Parliamentary elections/Mohamed Gad Allah/Reuters
Younes Makhyoun, member of both the constituent assembly and the Salafi (ultraconservative) Nour Party, asked the people to vote for the first draft of Egypt’s constitution if it supports Sharia (Islamic law).
“Even though Sharia must be enforced without vote”, Makhyoun added.
Salafi members of the constituent assembly quarreled with secularists over whether Egypt’s new constitution should enforce Sharia laws or principles, Makhyoun said at a Nour conference in Suez.
Makhyoun claimed he told secular parties to look for another people to live under the secular constitution, arguing that Egyptians want Islamic law implemented.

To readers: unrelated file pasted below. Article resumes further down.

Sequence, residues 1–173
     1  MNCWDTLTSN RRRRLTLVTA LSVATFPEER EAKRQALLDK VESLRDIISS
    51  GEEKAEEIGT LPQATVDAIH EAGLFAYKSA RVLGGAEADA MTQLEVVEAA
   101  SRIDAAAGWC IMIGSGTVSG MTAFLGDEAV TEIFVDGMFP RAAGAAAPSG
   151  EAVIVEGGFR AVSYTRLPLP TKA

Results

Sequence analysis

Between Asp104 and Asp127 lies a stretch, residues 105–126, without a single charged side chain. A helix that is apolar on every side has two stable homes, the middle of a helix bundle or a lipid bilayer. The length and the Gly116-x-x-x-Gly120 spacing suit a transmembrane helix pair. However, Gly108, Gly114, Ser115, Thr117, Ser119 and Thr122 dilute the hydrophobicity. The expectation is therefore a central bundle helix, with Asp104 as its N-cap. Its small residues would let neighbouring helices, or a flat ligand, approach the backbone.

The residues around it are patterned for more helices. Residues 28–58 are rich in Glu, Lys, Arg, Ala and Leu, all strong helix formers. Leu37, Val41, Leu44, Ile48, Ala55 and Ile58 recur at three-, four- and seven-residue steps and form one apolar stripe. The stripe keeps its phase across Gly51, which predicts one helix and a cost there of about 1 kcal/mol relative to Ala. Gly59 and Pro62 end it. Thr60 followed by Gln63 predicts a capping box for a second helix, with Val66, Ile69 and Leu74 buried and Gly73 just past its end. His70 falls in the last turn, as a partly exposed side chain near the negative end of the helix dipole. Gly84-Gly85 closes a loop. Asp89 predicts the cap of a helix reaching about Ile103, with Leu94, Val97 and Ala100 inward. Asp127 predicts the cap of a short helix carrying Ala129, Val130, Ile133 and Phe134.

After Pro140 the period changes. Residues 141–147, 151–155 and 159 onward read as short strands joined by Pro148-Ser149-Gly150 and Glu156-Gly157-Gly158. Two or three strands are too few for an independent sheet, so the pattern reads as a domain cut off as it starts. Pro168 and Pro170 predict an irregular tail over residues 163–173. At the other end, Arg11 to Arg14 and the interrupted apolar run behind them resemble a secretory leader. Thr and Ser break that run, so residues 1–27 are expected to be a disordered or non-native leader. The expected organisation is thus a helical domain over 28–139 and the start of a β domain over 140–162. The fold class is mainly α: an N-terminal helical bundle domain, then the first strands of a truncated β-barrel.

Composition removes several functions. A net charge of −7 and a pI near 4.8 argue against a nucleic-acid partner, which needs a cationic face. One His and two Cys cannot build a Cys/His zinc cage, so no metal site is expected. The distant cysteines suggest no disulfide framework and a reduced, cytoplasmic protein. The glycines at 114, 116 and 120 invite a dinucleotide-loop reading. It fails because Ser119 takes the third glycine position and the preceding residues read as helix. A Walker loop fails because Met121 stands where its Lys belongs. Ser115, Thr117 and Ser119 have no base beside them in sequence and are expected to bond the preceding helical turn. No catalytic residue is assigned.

Another Salafi member of the constitution-writing assembly, Shaaban Abdel al-Alim, had once told Aswat Masriya that Salafis in the assembly were unhappy with the second article of the draft constitution which states: The principles of Sharia are the main source of legislation.
He insisted that Salafis from inside and outside of the assembly want the constitution to enforce Sharia “laws” as opposed to Sharia “principles”.
Makhyoun argued that Egypt is now at a crossroads of "either Islamic rule or heretical rule”, he added that liberals and secularists are trying to impose their views through the media and scare people off of Islam.
Meanwhile, Mohamed Ibrahim Mansour, another Salafi member of the constituent assembly, slammed criticism of Article “36” that calls for equality between men and women in accordance with Sharia.
Mansour wondered in a seminar on Friday, “Would the people accept a female Azhar Sheikh? Or a female military commander? Men may marry four times… but women?”